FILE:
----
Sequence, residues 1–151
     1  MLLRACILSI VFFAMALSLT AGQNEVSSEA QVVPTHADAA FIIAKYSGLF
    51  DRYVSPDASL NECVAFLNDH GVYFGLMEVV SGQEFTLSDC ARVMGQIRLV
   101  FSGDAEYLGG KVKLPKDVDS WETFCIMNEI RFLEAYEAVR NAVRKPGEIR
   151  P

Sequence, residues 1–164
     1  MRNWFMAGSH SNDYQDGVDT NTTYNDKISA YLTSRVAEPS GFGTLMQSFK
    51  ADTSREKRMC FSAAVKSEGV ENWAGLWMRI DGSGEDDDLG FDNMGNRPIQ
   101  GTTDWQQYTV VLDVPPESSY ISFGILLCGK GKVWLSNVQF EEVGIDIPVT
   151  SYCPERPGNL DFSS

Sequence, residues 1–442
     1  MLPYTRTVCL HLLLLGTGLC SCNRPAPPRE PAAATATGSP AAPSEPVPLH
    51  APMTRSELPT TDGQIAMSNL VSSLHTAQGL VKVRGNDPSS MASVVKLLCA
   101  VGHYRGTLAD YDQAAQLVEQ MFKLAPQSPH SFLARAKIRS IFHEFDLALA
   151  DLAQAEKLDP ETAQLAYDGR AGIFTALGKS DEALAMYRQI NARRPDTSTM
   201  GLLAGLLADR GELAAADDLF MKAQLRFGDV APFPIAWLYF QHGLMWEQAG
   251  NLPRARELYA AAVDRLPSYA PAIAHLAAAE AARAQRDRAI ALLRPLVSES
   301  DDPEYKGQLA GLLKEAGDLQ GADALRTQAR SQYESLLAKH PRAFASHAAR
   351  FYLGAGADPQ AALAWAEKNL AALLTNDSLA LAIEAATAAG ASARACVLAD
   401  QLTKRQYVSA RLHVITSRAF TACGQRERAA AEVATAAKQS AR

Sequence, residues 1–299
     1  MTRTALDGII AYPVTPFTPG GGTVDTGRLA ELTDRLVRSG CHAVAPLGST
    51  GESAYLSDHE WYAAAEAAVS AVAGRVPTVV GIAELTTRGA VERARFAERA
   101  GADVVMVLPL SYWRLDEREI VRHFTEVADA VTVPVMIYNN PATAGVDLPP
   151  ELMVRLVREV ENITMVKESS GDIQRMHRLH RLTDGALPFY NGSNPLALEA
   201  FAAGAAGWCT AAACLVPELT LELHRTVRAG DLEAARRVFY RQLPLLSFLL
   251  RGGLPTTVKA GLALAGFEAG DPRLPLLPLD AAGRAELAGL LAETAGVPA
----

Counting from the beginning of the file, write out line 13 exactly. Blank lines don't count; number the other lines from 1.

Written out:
    51  APMTRSELPT TDGQIAMSNL VSSLHTAQGL VKVRGNDPSS MASVVKLLCA